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Diet soda is not a safer alternative to regular sodas

  • Women over 50 who drink two or more artificially sweetened drinks a day are linked to an increased risk of clot-based strokes, heart attacks, and early death
  • New research has shown drinking diet beverages a day is linked to high risk of stroke and heart attacks
  • Diet soda is not a safer alternative to regular sodas

It is no secret that sodas are packed full of sugars and we also know how hard it is to give up its sugary goodness, so what do we do? We buy the “healthier” alternative – the diet soda.

Diet sodas are often considered to be healthier alternatives to sugary beverages, but according to recent studies, this might not be the case.



A study published in Stroke, a journal produced by the American Heart Association, drew on the health data of 82,000 women enrolled in a long-term study of women’s health.

Of the participants, 5.1% said they consumed at least two diet beverages per day. That group “had a significantly greater likelihood” of strokes and coronary heart disease.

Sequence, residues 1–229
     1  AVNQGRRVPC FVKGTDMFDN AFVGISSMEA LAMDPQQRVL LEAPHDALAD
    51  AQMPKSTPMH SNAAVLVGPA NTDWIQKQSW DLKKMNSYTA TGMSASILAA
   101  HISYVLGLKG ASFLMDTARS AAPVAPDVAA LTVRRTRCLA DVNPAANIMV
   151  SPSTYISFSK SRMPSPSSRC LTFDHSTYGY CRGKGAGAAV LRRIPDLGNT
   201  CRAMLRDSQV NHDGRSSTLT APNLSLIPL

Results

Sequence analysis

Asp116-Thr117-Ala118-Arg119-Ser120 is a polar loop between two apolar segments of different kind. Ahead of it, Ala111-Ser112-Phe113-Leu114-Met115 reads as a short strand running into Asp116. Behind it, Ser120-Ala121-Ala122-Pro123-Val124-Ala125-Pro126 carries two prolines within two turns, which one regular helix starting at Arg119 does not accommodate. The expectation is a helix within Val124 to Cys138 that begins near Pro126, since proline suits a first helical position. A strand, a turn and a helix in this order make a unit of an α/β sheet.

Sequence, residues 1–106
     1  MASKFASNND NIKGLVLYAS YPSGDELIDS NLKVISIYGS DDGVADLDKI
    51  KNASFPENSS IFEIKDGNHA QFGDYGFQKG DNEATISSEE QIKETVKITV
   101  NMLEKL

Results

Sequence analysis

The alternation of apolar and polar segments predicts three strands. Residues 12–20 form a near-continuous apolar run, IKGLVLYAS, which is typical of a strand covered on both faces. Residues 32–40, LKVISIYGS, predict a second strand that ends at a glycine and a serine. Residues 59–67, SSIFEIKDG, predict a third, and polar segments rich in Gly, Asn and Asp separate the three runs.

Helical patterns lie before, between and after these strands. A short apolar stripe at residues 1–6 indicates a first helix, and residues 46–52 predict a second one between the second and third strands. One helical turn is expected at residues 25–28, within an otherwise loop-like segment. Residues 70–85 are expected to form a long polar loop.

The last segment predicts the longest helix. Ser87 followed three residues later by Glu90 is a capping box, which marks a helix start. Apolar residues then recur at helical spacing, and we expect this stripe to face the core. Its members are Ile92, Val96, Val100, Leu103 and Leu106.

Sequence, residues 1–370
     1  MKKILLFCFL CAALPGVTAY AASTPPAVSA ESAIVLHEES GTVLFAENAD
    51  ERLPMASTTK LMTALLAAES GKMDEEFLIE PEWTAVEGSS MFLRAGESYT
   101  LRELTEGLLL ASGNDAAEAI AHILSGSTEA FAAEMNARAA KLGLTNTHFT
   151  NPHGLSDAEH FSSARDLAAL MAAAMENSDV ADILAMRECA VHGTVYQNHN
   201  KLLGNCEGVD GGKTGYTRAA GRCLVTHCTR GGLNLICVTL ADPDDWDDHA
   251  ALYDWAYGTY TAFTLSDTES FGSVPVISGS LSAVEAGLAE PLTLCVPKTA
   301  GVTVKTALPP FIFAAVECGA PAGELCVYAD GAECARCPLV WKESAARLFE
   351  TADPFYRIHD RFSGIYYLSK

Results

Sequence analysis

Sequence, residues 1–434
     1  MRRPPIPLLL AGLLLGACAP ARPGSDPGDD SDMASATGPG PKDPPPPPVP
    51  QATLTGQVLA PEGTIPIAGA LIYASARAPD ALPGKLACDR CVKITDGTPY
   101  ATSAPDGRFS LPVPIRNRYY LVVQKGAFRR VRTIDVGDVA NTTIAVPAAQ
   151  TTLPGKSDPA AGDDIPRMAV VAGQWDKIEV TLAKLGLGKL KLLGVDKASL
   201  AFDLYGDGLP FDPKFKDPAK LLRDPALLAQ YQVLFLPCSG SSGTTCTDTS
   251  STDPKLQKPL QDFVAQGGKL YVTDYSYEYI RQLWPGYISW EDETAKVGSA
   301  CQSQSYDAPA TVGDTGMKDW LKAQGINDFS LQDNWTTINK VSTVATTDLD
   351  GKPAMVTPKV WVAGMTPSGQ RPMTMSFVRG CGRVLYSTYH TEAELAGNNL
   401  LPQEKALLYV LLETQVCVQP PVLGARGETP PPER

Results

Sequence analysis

Drinking two or more of any kind of artificially sweetened drinks a day is linked to an increased risk of clot-based strokes, heart attacks, and early death in women over 50; according to a new study by the American Heart Association and American Stroke Association.

The risks were highest for women aged 50-79 and for those with a body mass index (BMI) of 30 and above. Even though they only studied 82,000 women and only 5% or so drank two or more diet sodas, there were still increased instances of stroke.

Previous research has also shown a link between diet beverages and stroke, dementia, Type 2 diabetes, obesity, and metabolic syndrome which can lead to heart disease and diabetes.

Now on the latest research, women who drink two or more artificially sweetened beverages each day were 31% more likely to have a clot-based stroke, 29% more likely to have heart diseases, and 16% more likely to die from any cause than women who drank diet beverages less than once a week, or not at all, and the risk would rise dramatically for those  who were obese.

This study, as well as other research on the connection between diet beverages and vascular disease, is observational and cannot show cause and effect.

That’s a major limitation, researchers say, as it’s impossible to determine whether the association is due to a specific artificial sweetener, a type of beverage, or another hidden health issue.

Are you a soda drinker? What are your thoughts on this? Post your opinion in the comment box below and please leave a like and share.

Written by dailypedia

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